Corporate crime continues to occur at an alarming rate, yet disagreement persists among scholars and practitioners about the role of corporate criminal prosecution. Some argue that corporations should face criminal prosecution for their misconduct, while others would reserve criminal prosecution for individual corporate officials. Perhaps as a result of this conflict, there has been a dramatic increase over the last decade in the use of deferred prosecution and non-prosecution agreements for some corporate crimes, even as the government continues to bring criminal charges for other corporate crimes. To move beyond our erratic approach to corporate crime, we need a better understanding of what is accomplished by the criminal prosecution of corporations, a construct that considers retributive and utilitarian theories but also takes into account the expressive function of criminal law and the societal need for condemnation, accountability, and justice when crime occurs. In this article, I provide a justification for corporate criminal prosecution that identifies the moral content of corporate crime, considers the deterrent value of corporate prosecution, and explains why the expressive value of the criminal law is indispensable in the corporate context. Corporate wrongdoing has pernicious effects on our communities, the economy, and the environment, which warrant the condemnation the criminal law provides. Criminal prosecution of corporations upholds the rule of law, validates the choices of law-abiding companies, and promotes accountability. Together those values contribute to our sense that justice has been done when crime occurs, which enhances trust in the legal system, provides the opportunity for societal catharsis, and allows us to move forward in the aftermath of criminal activity. When corporations face no consequences for their criminal behavior, we minimize their lawlessness, and increase cynicism about the outsized influence of corporations.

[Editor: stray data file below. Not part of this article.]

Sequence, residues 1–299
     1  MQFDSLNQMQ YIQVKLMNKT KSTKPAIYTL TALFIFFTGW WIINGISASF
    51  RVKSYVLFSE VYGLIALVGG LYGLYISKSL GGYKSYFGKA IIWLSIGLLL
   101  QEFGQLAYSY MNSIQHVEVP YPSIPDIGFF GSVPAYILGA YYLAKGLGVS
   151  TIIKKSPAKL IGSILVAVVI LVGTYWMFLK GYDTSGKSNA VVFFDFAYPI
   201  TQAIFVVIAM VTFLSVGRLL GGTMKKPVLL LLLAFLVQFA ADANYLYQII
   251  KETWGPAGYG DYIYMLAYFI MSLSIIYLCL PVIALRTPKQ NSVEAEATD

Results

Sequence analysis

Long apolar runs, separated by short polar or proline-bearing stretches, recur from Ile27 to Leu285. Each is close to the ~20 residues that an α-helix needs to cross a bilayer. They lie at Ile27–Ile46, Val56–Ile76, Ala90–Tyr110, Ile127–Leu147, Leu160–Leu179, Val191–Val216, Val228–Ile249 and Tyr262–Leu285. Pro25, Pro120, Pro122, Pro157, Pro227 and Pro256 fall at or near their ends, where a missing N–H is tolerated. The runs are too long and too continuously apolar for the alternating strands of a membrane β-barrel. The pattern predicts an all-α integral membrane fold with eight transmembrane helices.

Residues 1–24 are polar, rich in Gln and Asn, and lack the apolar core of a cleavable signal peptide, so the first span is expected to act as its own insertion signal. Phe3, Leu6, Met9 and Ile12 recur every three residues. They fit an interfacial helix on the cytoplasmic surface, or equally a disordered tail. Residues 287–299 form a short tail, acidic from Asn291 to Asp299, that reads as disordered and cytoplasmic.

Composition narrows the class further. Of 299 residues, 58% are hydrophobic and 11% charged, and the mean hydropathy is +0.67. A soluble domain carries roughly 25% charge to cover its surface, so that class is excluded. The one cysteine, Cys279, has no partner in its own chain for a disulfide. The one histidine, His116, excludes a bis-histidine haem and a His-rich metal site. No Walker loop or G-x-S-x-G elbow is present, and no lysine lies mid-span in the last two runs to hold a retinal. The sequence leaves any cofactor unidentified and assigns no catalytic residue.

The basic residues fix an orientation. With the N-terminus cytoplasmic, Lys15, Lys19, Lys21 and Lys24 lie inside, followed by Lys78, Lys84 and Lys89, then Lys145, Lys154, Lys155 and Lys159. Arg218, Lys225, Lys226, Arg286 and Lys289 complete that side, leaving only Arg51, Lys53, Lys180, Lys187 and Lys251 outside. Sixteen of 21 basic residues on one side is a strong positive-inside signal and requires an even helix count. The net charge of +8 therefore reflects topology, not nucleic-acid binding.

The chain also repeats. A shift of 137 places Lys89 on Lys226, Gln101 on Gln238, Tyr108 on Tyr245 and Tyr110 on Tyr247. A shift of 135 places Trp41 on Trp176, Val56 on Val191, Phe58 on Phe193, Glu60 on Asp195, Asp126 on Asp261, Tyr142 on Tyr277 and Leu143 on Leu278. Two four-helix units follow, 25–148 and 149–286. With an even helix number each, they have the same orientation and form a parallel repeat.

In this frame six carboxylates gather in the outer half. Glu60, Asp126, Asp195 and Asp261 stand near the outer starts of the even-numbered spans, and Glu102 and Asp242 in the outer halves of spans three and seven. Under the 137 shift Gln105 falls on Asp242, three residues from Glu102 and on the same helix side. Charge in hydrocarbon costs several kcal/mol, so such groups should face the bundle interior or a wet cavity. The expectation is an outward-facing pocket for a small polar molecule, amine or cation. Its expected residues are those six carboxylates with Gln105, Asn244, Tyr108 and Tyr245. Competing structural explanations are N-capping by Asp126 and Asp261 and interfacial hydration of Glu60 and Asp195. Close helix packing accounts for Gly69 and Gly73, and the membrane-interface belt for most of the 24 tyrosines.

Uhlmann, David M. "The Pendulum Swings: Reconsidering Corporate Criminal Prosecution." UC Davis L. Rev. 49, no. 4 (2016): 1235-83.